Canopy Tours to pay victim

2014-08-19 00:00

A GAUTENG man who sued Karkloof Canopy Tours over injuries he sustained during an accident in November 2010, will be paid 75% of his proven damages.

The agreement is in terms of a settlement reached in the Pietermaritzburg high court between James Christopher Read (36) and Karkloof Canopy Tours company yesterday.

Read initially asked for over R900 000, but the actual amount of the damages he will receive will be determined at a future hearing.

Read is claiming for medical costs he incurred resulting from fractures to his pelvis and vertebrae as well as for psychological trauma.

Karkloof Canopy Tours conducts tours in the Karkloof Forest Reserve by way of slides that take people across the top of the forest canopy.

Court papers say the slides consist of steel cables that extend between fixed poles above the canopy.

People taking part in the tours are attached to the cable by harnesses so they can move suspended between the fixed points along the cable.

On the day of the accident, while he was on a slide, Read is said to have collided with the lower platform situated at the end of the slide “and/or a tree”.

As a result he suffered severe fractures of his pelvis and vertebrae for which he underwent treatment at Medi-Clinic in Pietermaritzburg as well as eight weeks of physiotherapy.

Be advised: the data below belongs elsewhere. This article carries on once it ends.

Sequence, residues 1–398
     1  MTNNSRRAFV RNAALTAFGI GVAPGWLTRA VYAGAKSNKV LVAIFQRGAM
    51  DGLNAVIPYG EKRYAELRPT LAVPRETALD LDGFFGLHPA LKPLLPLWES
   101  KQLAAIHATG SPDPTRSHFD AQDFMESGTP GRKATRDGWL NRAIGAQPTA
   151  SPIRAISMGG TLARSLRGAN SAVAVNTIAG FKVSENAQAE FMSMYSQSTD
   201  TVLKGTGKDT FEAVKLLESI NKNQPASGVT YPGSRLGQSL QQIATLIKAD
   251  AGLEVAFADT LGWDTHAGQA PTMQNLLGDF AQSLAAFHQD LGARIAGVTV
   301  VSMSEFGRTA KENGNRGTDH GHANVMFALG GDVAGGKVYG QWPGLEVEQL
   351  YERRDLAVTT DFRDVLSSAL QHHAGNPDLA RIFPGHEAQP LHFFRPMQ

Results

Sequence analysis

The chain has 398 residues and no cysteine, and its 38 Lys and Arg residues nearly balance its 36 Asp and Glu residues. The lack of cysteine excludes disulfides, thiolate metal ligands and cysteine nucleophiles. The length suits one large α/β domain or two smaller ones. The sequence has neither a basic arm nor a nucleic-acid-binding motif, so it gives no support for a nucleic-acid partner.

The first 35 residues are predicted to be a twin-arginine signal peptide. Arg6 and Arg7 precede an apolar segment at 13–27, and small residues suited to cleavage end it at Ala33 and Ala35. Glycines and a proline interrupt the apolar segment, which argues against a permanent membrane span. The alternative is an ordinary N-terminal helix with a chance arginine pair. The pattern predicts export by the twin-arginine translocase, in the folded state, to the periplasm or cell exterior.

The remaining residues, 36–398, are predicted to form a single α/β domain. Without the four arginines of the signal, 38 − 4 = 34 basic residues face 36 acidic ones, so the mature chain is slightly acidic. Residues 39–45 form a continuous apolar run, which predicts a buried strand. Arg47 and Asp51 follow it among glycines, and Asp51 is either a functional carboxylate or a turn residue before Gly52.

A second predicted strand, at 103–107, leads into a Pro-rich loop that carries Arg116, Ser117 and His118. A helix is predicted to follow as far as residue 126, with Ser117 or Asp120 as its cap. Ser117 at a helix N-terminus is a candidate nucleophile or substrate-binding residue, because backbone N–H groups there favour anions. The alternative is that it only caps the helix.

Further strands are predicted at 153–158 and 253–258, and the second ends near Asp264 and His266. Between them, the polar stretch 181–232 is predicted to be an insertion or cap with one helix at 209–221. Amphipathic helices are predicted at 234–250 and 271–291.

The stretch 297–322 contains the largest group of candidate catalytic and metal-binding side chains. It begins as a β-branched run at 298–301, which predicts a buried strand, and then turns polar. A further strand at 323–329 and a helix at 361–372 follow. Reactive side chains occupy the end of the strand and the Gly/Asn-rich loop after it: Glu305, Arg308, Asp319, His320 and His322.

The complainant still suffers from back pain, pain in his pelvis and from psychological trauma.

Read lodged a claim for R904 217,24. However, this was said to be an “estimate only” and the actual damages have yet to be proved.

The claim was based on allegations that the tour company failed to take reasonable precautions to ensure the safety of the slide equipment, and failed to avoid the accident, when it ought to have done so by exercising reasonable care.

It was alleged that Read was given either incorrect or inadequate instructions on applying brakes on the slide.

It was also submitted that employees at either side of the cableway had failed to communicate properly to ensure that he was safely brought to a halt.

The company had initially given notice of its intention to defend the action.

However, following negotiations between legal teams, a settlement was reached in terms of which the tour company admitted liability for 75% of the damages suffered by Read.

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